‘You fat bastard,’ etc. I hope SunBets were hammered on that one.
As for the big lad, he’d do well at a few Scottish clubs I can think of.
Watching US golf on Sky, play-off between US and Japanese golfers. Half the crowd seem to be bevvied.
I’d like to blame it on Trump, but these guys were arseholes before he arrived.
Match of the Day: Gullitt and Shearer side by side in the studio? Remarkable given their history.
In two years, the FIFA World Cup is scheduled to take place in Russia.
I was fifteen when I saw Cassius Clay on television for the first time. He put on a masterclass in the Olympic final in Rome, dismantling the best opponent Europe had to offer. And he was only three years older than me.
When he turned pro, I followed his career in the Ring magazine, my monthly read, and on telly when his fights were shown on Grandstand. They thought he’d be lucky to escape with his life against the brutal Sonny Liston, who would probably have beaten every other opponent that Clay faced in his career. The young man humiliated him.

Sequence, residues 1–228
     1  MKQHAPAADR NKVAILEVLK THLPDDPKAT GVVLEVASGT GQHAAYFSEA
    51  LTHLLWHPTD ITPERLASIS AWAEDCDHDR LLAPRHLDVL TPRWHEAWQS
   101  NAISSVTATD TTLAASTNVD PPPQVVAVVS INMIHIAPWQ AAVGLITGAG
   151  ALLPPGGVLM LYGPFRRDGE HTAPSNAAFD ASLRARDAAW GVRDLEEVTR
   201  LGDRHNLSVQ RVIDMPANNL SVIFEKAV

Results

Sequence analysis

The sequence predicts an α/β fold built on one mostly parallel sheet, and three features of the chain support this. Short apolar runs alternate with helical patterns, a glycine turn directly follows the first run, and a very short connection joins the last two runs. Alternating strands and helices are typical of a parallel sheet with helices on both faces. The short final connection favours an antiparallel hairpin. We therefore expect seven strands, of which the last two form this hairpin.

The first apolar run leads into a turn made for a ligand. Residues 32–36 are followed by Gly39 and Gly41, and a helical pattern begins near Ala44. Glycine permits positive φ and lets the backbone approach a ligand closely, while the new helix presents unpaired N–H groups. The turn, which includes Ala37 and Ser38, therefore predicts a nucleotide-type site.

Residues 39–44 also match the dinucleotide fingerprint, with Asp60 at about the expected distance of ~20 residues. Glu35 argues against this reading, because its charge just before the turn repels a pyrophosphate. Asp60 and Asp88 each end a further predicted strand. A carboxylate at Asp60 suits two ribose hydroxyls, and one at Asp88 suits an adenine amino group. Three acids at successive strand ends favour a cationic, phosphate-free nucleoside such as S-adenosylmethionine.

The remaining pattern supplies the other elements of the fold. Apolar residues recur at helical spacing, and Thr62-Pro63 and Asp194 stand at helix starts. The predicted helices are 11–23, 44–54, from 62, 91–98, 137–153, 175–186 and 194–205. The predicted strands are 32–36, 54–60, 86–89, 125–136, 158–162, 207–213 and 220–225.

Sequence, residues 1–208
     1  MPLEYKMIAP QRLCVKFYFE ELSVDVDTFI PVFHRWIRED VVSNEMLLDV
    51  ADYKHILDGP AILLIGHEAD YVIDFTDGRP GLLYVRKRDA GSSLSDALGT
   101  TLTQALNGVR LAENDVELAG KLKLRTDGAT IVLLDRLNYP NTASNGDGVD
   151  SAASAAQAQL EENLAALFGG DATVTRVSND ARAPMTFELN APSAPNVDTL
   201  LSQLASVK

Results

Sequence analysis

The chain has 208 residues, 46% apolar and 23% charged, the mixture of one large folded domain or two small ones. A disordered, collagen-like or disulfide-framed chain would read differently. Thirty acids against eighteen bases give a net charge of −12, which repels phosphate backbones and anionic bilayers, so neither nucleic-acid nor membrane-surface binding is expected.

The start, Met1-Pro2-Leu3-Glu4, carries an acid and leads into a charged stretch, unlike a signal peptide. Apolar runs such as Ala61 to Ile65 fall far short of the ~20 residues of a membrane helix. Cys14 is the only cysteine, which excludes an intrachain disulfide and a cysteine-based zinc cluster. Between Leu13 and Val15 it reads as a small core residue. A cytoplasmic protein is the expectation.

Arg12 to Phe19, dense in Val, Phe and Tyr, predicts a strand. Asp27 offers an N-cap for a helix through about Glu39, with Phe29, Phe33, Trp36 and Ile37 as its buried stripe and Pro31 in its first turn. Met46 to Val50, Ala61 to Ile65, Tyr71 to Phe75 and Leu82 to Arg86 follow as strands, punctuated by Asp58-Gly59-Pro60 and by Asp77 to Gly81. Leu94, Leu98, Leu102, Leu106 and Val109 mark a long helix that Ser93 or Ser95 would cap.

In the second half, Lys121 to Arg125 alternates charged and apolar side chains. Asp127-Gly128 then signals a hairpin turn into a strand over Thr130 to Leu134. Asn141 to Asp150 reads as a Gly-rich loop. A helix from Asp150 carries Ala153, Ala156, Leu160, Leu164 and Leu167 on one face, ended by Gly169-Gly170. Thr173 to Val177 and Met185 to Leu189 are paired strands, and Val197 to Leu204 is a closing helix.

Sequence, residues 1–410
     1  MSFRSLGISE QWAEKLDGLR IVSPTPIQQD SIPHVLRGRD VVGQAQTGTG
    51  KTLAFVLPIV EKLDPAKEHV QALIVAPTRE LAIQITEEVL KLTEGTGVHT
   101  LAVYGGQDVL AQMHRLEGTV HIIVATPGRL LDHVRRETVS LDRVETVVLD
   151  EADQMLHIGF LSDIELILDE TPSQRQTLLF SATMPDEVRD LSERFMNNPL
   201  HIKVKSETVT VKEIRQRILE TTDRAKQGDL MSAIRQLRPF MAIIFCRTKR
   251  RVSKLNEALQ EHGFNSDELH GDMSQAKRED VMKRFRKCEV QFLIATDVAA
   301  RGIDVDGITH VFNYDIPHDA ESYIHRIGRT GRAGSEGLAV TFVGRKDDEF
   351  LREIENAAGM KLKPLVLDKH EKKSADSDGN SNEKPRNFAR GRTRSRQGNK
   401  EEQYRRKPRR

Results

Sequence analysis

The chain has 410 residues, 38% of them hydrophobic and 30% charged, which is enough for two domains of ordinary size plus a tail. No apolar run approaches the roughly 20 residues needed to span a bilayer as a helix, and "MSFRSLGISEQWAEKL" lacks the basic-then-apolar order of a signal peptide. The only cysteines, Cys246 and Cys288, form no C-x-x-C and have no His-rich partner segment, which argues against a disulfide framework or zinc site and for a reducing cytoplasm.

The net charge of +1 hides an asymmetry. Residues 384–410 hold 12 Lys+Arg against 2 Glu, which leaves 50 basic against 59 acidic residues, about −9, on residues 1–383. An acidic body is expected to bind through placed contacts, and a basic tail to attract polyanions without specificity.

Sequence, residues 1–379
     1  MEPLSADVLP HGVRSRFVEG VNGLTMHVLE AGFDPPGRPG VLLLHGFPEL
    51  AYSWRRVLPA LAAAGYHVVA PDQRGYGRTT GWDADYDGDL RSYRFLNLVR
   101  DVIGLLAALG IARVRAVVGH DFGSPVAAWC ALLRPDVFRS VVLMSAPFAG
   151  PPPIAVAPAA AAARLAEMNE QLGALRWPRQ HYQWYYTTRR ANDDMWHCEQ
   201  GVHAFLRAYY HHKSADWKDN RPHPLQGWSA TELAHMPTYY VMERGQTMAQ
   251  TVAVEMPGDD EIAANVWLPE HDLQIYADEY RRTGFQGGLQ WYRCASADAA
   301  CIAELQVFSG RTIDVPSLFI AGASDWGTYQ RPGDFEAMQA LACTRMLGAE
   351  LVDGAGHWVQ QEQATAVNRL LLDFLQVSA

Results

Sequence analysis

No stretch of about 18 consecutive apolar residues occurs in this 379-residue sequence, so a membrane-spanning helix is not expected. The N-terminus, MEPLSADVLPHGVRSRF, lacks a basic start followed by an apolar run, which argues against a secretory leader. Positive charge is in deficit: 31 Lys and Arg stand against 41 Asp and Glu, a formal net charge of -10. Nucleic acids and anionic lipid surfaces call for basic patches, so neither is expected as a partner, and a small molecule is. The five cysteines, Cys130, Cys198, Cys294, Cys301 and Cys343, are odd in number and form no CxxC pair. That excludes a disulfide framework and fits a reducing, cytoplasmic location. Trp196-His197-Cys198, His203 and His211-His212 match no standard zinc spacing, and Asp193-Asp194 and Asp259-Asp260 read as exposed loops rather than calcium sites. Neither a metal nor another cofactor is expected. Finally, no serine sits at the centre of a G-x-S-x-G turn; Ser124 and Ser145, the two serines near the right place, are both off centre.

Ten years later Muhammad Ali faced another monster, someone else who was going to kill him, George Foreman, christened ‘The Mummy’ by Muhammad. The 34-year-old humiliated him.
That was the point at which he should have quit for the sake of his health, and for that of Joe Frazier. But he didn’t. He fought on, too long.
And yet afterwards, when he couldn’t any more, he didn’t drift into a punch-drunk slumber. He went on, as best he could, spreading the word of tolerance and understanding, making people laugh, until they couldn’t any longer, so badly was he maimed by the affliction that followed his career.